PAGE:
I have also included a 50% discount coupon for The Practical Homemaker’s Companion, which will be valid until September 7-th. Coupon code: E1KQKKJURV

In addition, following requests, The Practical Homemaker’s Companion is now also available in paperback for only 5.38$. Since it’s a short, very condensed book and my aim was to make it as affordable as possible, I chose the lowest price setting allowed.

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From the back cover:

“Our job as wives and mothers is of tremendous importance and eternal impact, but it’s all too easy to get bogged down and discouraged by the mundane. The dinner got burned; the mountain of dirty clothes in the laundry basket is growing at an alarming rate; you have outstripped your grocery budget; your kids are squabbling; you lose it and yell and feel guilty. You go to bed with a nagging headache, wondering how you’ll get up and begin all over again tomorrow.

We’ve all been there. We’ve all done that – are still doing that. Opening a fresh page every day, doing our best and hoping it’s enough.

This book is a compact combination of inspirational articles, practical tips, and advice for making a small income go a long way. From encouragement to take heart in your job as a homemaker, to stockpiling, wise grocery shopping and keeping chickens, it’s based on the homemaking and simple living tips I have found most useful over the years.”

Collecting dew: another step in water conservation

There’s a lot of talk about collecting rainwater as a frugal and ecology-conscious way to reduce water waste, and that’s certainly a good thing and a project we hope to take up in the future. I do have to say, though, that in Israel we don’t get any rain to speak of approximately from May to October. What we can do in the summer months, without any special equipment, is collect dew.

Our system is simple. We have a plastic awning at the entrance to our home, and when I step out early in the morning I can see puddles of water around it. By placing buckets in strategic locations, and then combining their contents, we get roughly a bucket of clean water every day this way. We primarily use it in the garden, but if we used cleaner containers I wouldn’t hesitate to drink it. It’s easy, useful, doesn’t cost anything and could turn out very important in a survival situation. I expect we could harvest a lot more water if we set up a water catchment system all around our roof, too.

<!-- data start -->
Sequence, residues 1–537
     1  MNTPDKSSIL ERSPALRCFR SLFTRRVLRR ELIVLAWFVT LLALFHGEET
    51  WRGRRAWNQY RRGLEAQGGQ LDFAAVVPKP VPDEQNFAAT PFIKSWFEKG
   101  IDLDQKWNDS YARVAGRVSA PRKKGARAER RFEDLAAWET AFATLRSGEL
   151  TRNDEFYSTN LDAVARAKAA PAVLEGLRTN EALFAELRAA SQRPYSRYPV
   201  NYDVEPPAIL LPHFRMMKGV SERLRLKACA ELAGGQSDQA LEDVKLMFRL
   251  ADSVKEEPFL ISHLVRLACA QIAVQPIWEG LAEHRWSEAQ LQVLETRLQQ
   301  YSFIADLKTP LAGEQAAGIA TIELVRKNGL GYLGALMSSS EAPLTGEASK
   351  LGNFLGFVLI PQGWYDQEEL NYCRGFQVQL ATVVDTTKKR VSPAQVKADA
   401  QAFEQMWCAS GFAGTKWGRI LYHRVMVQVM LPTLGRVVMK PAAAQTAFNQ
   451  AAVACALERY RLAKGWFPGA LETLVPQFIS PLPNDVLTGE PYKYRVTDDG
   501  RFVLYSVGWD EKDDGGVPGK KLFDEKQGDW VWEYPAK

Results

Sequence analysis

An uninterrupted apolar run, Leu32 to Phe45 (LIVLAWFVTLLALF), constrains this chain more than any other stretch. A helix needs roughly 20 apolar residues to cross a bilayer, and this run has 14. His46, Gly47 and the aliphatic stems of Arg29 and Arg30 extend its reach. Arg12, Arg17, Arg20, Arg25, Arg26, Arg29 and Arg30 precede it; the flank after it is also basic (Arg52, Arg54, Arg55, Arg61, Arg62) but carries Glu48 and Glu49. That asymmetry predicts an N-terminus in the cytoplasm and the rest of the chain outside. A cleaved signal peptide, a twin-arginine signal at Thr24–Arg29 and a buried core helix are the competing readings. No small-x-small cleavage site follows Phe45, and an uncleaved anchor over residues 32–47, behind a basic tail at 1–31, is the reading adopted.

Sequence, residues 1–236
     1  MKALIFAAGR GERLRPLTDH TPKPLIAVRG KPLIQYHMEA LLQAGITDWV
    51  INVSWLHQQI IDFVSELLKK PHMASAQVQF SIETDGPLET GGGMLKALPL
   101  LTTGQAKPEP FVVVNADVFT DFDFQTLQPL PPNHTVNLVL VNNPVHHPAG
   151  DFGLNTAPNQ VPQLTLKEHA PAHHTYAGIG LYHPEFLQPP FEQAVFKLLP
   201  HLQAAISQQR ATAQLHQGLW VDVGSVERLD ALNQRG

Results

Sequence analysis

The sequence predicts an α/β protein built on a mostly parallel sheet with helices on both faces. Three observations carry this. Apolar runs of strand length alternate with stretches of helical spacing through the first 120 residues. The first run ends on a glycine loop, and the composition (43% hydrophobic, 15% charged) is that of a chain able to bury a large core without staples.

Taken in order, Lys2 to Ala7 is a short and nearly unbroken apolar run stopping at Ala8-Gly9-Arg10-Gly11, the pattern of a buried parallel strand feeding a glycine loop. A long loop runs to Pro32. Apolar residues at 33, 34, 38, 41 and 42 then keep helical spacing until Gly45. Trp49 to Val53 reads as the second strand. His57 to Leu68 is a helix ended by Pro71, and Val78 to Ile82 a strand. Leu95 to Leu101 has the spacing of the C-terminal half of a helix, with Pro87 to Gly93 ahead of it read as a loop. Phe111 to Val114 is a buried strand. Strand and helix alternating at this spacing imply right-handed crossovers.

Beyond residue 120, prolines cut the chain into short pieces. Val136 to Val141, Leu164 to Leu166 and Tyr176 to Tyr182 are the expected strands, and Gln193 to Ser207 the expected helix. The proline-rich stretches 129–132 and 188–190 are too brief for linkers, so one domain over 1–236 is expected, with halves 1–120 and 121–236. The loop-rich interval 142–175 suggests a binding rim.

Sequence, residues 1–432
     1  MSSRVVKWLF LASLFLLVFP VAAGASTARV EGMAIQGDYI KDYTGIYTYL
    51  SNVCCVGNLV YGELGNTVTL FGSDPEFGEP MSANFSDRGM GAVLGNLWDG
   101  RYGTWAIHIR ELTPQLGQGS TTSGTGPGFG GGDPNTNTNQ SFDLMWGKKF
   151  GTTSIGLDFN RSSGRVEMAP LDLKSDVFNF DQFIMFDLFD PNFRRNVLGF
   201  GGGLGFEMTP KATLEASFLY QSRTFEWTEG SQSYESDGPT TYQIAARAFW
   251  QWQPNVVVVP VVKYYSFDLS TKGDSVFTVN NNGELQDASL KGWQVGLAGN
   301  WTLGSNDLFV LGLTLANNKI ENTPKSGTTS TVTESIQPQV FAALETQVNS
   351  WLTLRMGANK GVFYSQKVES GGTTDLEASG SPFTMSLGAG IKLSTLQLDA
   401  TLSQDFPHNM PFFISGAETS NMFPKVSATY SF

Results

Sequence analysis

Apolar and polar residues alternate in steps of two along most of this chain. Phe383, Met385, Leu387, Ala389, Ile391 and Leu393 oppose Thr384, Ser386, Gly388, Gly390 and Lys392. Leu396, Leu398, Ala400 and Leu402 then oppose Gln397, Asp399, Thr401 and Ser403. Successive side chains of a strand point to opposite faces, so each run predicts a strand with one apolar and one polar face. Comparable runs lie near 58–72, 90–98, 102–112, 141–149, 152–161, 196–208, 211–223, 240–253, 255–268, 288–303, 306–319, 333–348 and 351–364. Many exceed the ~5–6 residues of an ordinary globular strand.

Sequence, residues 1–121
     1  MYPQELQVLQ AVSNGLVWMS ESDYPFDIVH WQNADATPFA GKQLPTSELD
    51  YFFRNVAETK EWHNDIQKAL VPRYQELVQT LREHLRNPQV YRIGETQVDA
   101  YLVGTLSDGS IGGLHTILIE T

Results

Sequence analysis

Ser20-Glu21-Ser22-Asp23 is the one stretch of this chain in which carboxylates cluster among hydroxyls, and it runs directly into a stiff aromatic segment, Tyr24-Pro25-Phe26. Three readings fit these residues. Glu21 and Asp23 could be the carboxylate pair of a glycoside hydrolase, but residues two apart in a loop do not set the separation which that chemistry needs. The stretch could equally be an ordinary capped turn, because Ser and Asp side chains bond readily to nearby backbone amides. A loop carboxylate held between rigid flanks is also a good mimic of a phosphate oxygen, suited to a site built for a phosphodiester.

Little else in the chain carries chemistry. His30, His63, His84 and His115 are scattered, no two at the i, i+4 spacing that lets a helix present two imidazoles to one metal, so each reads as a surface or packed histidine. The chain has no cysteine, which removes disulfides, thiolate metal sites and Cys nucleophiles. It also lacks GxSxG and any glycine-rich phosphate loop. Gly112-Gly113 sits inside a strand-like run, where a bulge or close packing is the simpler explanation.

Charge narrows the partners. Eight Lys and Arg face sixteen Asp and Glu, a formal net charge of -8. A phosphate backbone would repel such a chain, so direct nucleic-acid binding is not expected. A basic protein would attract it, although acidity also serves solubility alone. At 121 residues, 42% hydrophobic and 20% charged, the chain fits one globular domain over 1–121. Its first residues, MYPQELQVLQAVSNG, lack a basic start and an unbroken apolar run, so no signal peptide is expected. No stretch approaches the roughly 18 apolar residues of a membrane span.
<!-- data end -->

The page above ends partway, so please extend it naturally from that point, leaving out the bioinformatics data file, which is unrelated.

The dew we collect is used daily to water our garden. Our peppers already look very promising!

I have noticed that dew is especially abundant when a cool, quiet night follows a hot day. We have many such nights during the summer, as we live up in the hills and usually experience very pleasant temperatures once the sun sets. In Israel, and in other countries with an arid climate, dew collection can be done on a larger scale and play an important role in water conservation.

Why government won’t support homesteading: an opinion

Our society used to be mostly agricultural. It revolved around the nuclear and extended family, a close-knit community where people usually lived their whole lives, the family farm, the village, the artisan tool-maker, and everything small-scale and personal. For better or worse, the Industrial Revolution put an end to that kind of life and propelled us to a world where manual work is scoffed at, and agriculture is seen as something menial or boring.